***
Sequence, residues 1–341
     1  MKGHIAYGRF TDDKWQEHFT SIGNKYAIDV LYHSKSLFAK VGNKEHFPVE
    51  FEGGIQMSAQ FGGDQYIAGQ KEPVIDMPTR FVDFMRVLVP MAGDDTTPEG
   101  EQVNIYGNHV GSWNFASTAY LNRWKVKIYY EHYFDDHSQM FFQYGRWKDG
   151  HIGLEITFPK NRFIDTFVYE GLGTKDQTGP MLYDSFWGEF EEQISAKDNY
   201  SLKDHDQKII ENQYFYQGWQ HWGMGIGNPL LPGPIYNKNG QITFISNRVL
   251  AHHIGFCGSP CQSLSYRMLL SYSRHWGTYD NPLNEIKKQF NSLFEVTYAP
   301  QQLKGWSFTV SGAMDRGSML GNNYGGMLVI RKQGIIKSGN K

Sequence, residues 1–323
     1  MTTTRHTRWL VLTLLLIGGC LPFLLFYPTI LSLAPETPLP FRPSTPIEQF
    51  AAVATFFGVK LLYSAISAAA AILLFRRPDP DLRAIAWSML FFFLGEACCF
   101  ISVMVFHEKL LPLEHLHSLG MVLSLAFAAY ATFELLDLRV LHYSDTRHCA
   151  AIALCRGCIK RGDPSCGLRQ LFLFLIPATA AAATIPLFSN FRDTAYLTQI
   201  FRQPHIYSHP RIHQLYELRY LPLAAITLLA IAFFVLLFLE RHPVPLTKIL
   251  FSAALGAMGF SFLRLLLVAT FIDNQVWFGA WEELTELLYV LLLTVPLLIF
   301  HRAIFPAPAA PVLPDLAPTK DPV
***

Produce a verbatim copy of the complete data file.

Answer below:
Sequence, residues 1–341
     1  MKGHIAYGRF TDDKWQEHFT SIGNKYAIDV LYHSKSLFAK VGNKEHFPVE
    51  FEGGIQMSAQ FGGDQYIAGQ KEPVIDMPTR FVDFMRVLVP MAGDDTTPEG
   101  EQVNIYGNHV GSWNFASTAY LNRWKVKIYY EHYFDDHSQM FFQYGRWKDG
   151  HIGLEITFPK NRFIDTFVYE GLGTKDQTGP MLYDSFWGEF EEQISAKDNY
   201  SLKDHDQKII ENQYFYQGWQ HWGMGIGNPL LPGPIYNKNG QITFISNRVL
   251  AHHIGFCGSP CQSLSYRMLL SYSRHWGTYD NPLNEIKKQF NSLFEVTYAP
   301  QQLKGWSFTV SGAMDRGSML GNNYGGMLVI RKQGIIKSGN K

Sequence, residues 1–323
     1  MTTTRHTRWL VLTLLLIGGC LPFLLFYPTI LSLAPETPLP FRPSTPIEQF
    51  AAVATFFGVK LLYSAISAAA AILLFRRPDP DLRAIAWSML FFFLGEACCF
   101  ISVMVFHEKL LPLEHLHSLG MVLSLAFAAY ATFELLDLRV LHYSDTRHCA
   151  AIALCRGCIK RGDPSCGLRQ LFLFLIPATA AAATIPLFSN FRDTAYLTQI
   201  FRQPHIYSHP RIHQLYELRY LPLAAITLLA IAFFVLLFLE RHPVPLTKIL
   251  FSAALGAMGF SFLRLLLVAT FIDNQVWFGA WEELTELLYV LLLTVPLLIF
   301  HRAIFPAPAA PVLPDLAPTK DPV